Hallie Clancy

Mustard Greens

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Also known as Brassica Juncea or Green Mustard Cabbage,  this zingy green is about the sharpest green of the bunch, it never ceases to surprise me in a salad… especially when you don’t expect it! This can happen as it bears a close resemblance the kale we grow here on the farm, which both bare resemblance to a headless cabbage. Allowing no part of the green to go to waste, the mustard seeds are a perfect compliment to curries for spice and can be ground with vinegar, water or other liquids to make the condiment mustard.  Dating back to Helenistic and Roman times the Mustard Plant  is surprisingly diverse. The green grows in climates from British to Central American and can be both spicy and mild depending on the process of preparation.

Mustard Greens - Seed Production

Mustard Greens – Seed Production

For some who love the fire the greens can be enjoyed raw in a variety of ways to experience the most intense flavour. I like them blended into a salad dressing for a kick, as a spicy garnish or as the heart of the flavour of our homemade wasabi recipe. For those with a more sensitive palate the greens can be adaptable; when boiled in a full pot of water with a splash of vinegar they become like a meatier, fuller version of spinach and are great to use in recipes like Indian dals.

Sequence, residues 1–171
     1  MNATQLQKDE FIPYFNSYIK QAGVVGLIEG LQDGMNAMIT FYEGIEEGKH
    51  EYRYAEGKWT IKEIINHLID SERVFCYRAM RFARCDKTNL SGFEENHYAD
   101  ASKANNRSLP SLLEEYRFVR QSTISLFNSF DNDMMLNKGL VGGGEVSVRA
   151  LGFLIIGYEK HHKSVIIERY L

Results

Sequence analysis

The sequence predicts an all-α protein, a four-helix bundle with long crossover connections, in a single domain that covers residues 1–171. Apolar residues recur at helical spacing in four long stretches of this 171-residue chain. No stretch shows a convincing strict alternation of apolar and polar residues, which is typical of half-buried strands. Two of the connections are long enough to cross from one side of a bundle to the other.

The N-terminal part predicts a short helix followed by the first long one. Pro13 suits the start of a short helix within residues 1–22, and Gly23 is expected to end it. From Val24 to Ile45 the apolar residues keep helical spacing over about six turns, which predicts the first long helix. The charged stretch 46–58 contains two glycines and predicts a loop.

Mustard greens are high in vitamin K encouraging bone building in our bodies and also vitamin C, A and folate antioxidants. Their high content of phytonutrients promotes disease prevention properties and are believed to improve neuro health of those suffering with alzheimer’s disease. Eating these greens regularly is a boost to the immune system, they supports cardiovascular health and mitigate effects of inflammatory conditions. Wow, medicine never tasted so good!